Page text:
Mutuae Relationes 28: Duty and Advocation

SenanquecloisterSome question the involvement of the bishops in religious life at all. After all, religious communities span regions beyond dioceses. Men may lack a particular understanding of women, clerics of laity, chancery-bound prelates with people in the world, bishops in the world with people in a cloistered life. Mutuae Relationes (which can check online here) suggests that bishops have a duty. Many bishops probably see this as a responsibility. That’s not a wholly bad thing; it implies bishops take initiative to be informed, to be fair, and to cultivate relationships.

28. It is the duty of bishops as authentic teachers and guides of perfection for all the members of the diocese (cf. Christus Dominus 12; 15; 35, 2; Lumen Gentium 25; 45) to be the guardians likewise of fidelity to the religious vocation in the spirit of each institute. In carrying out this pastoral obligation, bishops in open communion of doctrine and intent with the Supreme Pontiff and the offices of the Holy See, and with the other bishops and local Ordinaries, should strive to promote relations with superiors, to whom the religious are subject in the spirit of faith (cf. Perfectae Caritatis 14).

Bishops, with their presbyters and deacons, are more than watchdogs. They are called to active promotion:

Bishops, along with their clergy, should be convinced advocates of the consecrated life, defenders of religious communities, promotors of vocations, firm guardians of the specific character of each religious family both in the spiritual and in the apostolic field.

Much is made of the Church’s problem with mothers. The shadows of sexism, and in some cases misogyny, has actively discouraged some parents from encouraging their children to consider the priesthood. Is a similar dynamic operating among today’s clergy? Do some priests choose ignorance of religious life, especially apostolic institutes of women? I’ve known many clerics who encourage priesthood, but seem ignorant or skeptical of religious life. Even among men, it is difficult sometimes for a bishop of vocation-oriented cleric to distinguish in a young man a religious vocation that might lead him to a religious community.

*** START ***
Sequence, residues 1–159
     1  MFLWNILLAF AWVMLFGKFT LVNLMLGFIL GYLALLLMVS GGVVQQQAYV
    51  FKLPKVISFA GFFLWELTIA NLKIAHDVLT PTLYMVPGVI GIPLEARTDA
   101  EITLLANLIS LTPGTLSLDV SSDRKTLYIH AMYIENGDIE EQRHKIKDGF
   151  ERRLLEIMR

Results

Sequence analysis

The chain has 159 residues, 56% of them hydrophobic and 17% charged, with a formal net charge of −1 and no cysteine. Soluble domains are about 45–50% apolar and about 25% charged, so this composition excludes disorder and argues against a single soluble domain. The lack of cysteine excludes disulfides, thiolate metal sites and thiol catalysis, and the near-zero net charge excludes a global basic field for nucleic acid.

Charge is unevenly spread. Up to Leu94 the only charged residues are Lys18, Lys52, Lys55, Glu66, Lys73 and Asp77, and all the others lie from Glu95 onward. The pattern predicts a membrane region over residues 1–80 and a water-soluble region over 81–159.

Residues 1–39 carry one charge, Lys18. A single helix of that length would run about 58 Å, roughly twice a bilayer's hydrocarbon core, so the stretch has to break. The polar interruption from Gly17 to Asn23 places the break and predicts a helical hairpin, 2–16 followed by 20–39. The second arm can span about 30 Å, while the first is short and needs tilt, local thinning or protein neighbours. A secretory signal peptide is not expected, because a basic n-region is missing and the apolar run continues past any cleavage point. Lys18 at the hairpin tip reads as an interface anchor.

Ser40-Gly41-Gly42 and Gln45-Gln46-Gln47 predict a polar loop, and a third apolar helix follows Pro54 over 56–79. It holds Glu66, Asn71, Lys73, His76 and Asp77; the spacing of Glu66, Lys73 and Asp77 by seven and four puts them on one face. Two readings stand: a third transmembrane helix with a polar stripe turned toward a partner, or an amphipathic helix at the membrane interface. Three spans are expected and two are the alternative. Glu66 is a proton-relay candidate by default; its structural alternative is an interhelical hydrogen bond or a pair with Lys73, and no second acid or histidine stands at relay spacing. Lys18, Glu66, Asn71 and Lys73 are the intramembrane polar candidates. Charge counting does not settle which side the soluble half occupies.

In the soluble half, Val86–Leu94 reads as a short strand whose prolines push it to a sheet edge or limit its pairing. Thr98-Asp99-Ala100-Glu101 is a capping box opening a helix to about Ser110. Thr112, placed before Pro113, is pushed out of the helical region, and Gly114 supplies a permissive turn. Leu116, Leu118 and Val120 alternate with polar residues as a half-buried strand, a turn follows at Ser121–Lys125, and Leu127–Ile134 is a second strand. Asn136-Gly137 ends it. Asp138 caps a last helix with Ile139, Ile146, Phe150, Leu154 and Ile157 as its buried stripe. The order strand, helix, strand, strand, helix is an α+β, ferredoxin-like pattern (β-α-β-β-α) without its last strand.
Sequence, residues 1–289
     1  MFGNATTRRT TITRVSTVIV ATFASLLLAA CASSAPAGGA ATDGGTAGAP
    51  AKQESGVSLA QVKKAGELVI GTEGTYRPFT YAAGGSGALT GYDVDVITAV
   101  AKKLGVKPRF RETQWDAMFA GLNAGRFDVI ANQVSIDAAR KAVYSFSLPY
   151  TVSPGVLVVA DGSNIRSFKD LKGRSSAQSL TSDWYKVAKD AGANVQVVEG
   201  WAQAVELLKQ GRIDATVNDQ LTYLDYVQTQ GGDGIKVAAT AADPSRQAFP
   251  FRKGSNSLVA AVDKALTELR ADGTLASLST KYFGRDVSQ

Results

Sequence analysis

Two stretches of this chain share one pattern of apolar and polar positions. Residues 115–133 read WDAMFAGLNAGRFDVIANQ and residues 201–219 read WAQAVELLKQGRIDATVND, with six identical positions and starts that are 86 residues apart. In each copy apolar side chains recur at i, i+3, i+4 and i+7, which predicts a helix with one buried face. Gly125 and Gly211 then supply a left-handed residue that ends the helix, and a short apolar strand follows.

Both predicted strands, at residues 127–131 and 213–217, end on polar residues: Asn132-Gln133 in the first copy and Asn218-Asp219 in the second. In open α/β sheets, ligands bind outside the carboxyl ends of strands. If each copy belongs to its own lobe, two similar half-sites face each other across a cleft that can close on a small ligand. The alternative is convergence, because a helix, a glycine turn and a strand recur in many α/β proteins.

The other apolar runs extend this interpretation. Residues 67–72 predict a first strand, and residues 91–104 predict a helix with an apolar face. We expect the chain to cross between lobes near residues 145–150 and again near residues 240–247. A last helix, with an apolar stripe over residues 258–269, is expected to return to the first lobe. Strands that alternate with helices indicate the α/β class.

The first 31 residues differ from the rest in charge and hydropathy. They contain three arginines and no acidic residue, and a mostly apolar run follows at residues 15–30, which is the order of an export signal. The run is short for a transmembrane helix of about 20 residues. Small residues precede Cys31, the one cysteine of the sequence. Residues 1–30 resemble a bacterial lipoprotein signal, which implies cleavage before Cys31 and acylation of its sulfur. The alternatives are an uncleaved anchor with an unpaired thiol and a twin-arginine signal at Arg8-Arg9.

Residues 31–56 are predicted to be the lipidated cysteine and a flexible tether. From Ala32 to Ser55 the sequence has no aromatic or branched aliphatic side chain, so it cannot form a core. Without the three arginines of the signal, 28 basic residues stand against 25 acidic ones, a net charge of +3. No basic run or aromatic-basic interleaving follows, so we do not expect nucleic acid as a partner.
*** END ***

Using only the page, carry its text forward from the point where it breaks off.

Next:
Indeed, some bishops delegate authority to a “diocesan vocation director.” How bishops comply with their “duty” in MR 28 will be shown in how that director guides people into lives other than as diocesan clergy.

Thoughts or comments?

About catholicsensibility

Todd lives in Minnesota, serving a Catholic parish as a lay minister.
This entry was posted in bishops, Mutuae Relationes, women religious. Bookmark the permalink.

1 Response to Mutuae Relationes 28: Duty and Advocation

  1. FrMichael says:

    I currently have two young ladies in my parish discerning the call to religious life. It’s not that I dissuaded the more serious of the two from considering the local congregations with significant footprints, including the order that ran the parochial school for decades, it’s that she self-selected for conservative fully-habitted orders with mother houses elsewhere in the US.

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